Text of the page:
There’s no record of what line of work Ted followed for the next five years, but there is reason to suppose that he worked for his elder brother’s successful cosmetics firm. When he again surfaces in the records in 1925, it is as the owner of the Nipola Products Company, a manufacturer of inexpensive perfumes and room deodorizers, which he incorporated two years later, because business was apparently so good. The Nipola Company received a federal license to obtain denatured alcohol to manufacture its line of fragrances. “Denatured” is a nice way of saying “poisoned.” Because the federal government wanted to ensure that industrial alcohol wasn’t recreationally consumed, it mandated that poisonous additives be included in the resulting product. But this didn’t much matter when it came to manufacturing cosmetic fragrances. No one was expecting people to try and drink perfume.

Ted Sinykin had a knack for marketing. Among the Nipola Company’s most popular products was a fragrance called “Lucky Lindy” that capitalized on the tide of adulation for Charles Lindbergh and his daring 1927 solo trans-Atlantic flight. With the sales slogan “The Essence of Luck,” the promotional copy touted its imported French essences that were dissolved in alcohol and bottled in Saint Paul. The ads boasted that Lucky Lindy was sold in all sizes “at leading drug and department stores.” Nipola also produced fragrances with exotic names such as “Ramona” and “Pagan Princess,” but its unrivalled best seller had the more prosaic name, “Swee-tone.”

Sold in much larger containers, Swee-tone was meant as an all-purpose air freshener that “gives a delightful odor, refreshes the premises, and is a deodorizer and germicide as well.” It was claimed to remove cooking odors; prevent moths; kill damp, moldy smells; perfume the bathroom; destroy body odors; remove gasoline smells from your car; and take the place of bath salts. What more could you ask for? The Nipola Company proudly claimed that SWEE-TONE was used from coast to coast by theatres, hotels, dance halls, restaurants, cafes, cabarets, bus stations, taxicab companies, transit companies, hospitals, drug and department stores, and all public institutions and homes.

It was later claimed that these products were never meant to be sold all over the country, but the evidence seems to prove that accusation wrong. Serious perfume collectors list them in catalogues of historic fragrances, and colorful vintage store display cards for Lucky Lindy and Ramona are still posted for sale to collectors on Ebay by vendors on both the east and west coast.

By 1929, Ted Sinykin was at last succeeding and he expanded his business premises, putting his wife Betty on the payroll and hiring Carl Amenrud of Minneapolis as business manager. Nipola was a thriving business—at least until a horrifying legal bombshell was dropped.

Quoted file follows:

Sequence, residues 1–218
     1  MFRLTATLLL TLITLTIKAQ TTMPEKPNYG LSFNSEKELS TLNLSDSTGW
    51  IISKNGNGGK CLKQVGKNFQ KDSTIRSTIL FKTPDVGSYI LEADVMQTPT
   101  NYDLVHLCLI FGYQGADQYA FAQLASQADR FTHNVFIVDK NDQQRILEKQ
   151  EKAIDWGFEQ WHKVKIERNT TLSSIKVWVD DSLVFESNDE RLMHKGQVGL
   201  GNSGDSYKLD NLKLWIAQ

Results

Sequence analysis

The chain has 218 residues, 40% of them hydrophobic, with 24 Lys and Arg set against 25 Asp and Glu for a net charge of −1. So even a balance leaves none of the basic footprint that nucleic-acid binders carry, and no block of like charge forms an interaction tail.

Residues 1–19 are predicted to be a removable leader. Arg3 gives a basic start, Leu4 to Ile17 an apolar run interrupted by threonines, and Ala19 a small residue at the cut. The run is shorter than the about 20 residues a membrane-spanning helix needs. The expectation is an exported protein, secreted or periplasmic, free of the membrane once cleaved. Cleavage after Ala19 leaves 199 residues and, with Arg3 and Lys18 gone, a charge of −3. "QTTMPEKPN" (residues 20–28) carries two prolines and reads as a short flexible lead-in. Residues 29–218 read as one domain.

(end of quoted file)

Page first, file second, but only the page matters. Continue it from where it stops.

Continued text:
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On February 11, 1930, the headlines of newspapers across the country screamed out the news of the largest bootleg alcohol bust since prohibition began. The U.S. Attorney for the Northern Illinois District in Chicago, George Johnson, announced the indictment of more than 150 individuals and 30 companies from coast to coast for violating the Prohibition laws. At last, Johnson declared, law enforcement had struck at the head of what he believed was a vast national conspiracy. The previous July, Prohibition agents, presumably with their tommy guns at the ready, had raided a warehouse in Chicago in which millions of gallons of alcohol had been found. According to the Minneapolis Tribune "prohibition agents discovered thousands of sub-standard toilet products capable of being redistilled into pure grain alcohol.” But more valuable than the stash of contraband alcohol were the receipts and records that the prohibition agents found.

The alleged ringleader of the syndicate was not a mob boss but a chemist. He was identified as Anastassoff Srebren, "a Bulgarian perfume chemist of international repute.” Srebren had reportedly devised a technique of extracting essential oils from perfumes and toilet waters, to produce safely drinkable alcohol—a chemical process with obvious profit potential. The warehouse files were filled with shipping records and receipts from virtually every perfume and cologne company in the Midwest. All were included in the indictment. The Minneapolis Tribune broke the shocking news with the headline: LINK TWIN CITIES TO RUM RING. Two Minnesota men had been named in the Prohibition era’s most sweeping indictment. And one of the accused was none other than Mr. Arthur “Ted” Sinykin, president of the Nipola Perfume company.



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When informed of the charges by a Minneapolis reporter, Ted’s wife Betty expressed her utter disbelief that her husband could possibly be involved in such a thing. The criminal act that the Nipola company was charged with was the illegal transfer of 5,000 gallons of what the indictment identified as “toilet water” to the Bourday Company of Minneapolis the previous June. While this information had come from the seized files in the Chicago warehouse, there is good reason to believe that the alleged transaction never occurred.

Thomas Braun of the Minnesota Historical Society investigated the case and found no evidence that Sinykin ever conducted business with the Bourday company or its owner. In fact, no such name or company appeared in the Minneapolis Business Directory for 1929. And the Bourday Company was never named in the indictment. By then, Nipola had become a familiar trade name in the low-end perfume business and “toilet water”—particularly the kind of highly diluted toilet water mentioned in the indictment was not a product in its line.